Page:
Since then, I have repeated this taking refuge, received several initiations, taken vows… But, at the start, it was the idea of ​​an inner journey that motivated me.

In certain traditions of Buddhism, the "taking of refuge" can appear as a religious, cultural, ritualized gesture, but, while sticking to the sources of the tradition, it is less a question for us Westerners of a "conversion" than an awareness.

Something is wrong in our lives, in our beliefs, something is missing and yet, we sometimes feel a sense of overflow! We come to think that it is necessary to take off, to leave a habit, to leave there a behavior, acquired certainties. This soul-searching that challenges us begins with our need to respond to the Socratic injunction “Know thyself”. But we must add to him: “And leave yourself! “So you have to leave, start and, sometimes, the path can seem uncertain.

Over time, we learned that this Buddha, this benevolent teacher, was none other than ourselves, in short that the solution was not outside of us, unattainable, but as present and close as our breath.

The shelter promises nothing! It is the pure affirmation of our wish not to continue to suffer, not to continue to accept the suffering of others. And take action to achieve it. It's a hell of a risk taking, we are constantly stepping out of our comfort zone, but fortunately, we are not alone. In most schools of Buddhism, we are invited to see the Buddha in the person of the master who transmits the teaching. Thus, gradually, in all those around us. And finally in ourselves.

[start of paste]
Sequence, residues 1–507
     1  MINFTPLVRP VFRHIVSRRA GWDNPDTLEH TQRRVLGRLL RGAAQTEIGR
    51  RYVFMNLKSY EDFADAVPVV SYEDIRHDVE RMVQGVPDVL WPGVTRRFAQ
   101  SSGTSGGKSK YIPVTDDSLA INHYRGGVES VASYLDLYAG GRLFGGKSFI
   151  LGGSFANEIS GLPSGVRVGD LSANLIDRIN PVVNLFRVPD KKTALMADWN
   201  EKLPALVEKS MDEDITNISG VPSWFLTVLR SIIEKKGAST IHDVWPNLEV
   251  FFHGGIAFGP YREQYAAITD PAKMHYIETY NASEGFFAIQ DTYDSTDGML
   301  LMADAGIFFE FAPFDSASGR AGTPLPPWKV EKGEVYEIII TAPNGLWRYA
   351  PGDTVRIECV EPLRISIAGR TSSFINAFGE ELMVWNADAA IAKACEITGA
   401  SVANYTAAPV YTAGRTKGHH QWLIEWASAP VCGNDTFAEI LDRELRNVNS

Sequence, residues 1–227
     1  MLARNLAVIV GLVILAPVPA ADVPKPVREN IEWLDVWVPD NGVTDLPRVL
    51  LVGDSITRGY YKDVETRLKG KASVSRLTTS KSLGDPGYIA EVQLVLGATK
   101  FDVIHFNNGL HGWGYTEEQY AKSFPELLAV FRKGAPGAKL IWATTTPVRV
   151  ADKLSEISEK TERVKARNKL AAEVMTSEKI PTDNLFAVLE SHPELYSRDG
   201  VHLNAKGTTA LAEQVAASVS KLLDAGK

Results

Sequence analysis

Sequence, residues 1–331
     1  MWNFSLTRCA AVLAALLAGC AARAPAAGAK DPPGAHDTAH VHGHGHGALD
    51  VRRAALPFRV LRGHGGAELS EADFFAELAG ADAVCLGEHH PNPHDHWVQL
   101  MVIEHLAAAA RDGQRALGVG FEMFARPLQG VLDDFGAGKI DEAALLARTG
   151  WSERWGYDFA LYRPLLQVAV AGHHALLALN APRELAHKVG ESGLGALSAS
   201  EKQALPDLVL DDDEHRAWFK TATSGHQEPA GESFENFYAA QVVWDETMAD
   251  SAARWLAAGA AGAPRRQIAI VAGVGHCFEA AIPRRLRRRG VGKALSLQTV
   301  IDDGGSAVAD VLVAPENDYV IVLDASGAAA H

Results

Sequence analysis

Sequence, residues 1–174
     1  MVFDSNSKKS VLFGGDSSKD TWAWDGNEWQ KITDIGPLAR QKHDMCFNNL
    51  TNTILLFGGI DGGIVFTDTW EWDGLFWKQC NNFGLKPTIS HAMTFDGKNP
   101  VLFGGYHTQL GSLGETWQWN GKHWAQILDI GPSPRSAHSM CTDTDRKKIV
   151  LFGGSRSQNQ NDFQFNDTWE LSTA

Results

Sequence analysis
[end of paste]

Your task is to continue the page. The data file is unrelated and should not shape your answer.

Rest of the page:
Yes, it takes trust! But let's not confuse everything: we are miles away from the spirit of submission. It is above all a question of a spiritual discipline that one gives to oneself, which passes through one's own reflection, a careful evaluation of one's strengths, of the steps taken and of the path that remains to be taken. I remember this recommendation from the Dalai Lama: “Be demanding with your masters, because through their teachings, it is a question of learning how to light your own lamp”.

To take refuge, therefore, is not to deny oneself or to conform, it is simply to feel present, attentive, acting. The Buddha, the teachings, the spiritual friends are there to accompany you. This is how the Sanskrit or Tibetan formula that you invoke must be read and recited: “I take refuge in the Buddha, I take refuge in the Dharma, I take refuge in the Sangha”.

To be continued.

photo of author

Sophie Solere

Sophie Solère is an economic and social journalist who has been interested for years in the environment and interdependence. She works for Buddhist News, a media platform dedicated to Buddhist spirituality and wisdom. By practicing yoga and meditative dance, Sophie discovered the power of spiritual journeys, which offer so many paths to (re)find yourself. She is dedicated to sharing inspiring stories and valuable advice on spiritual practice and the environment with Buddhist News readers.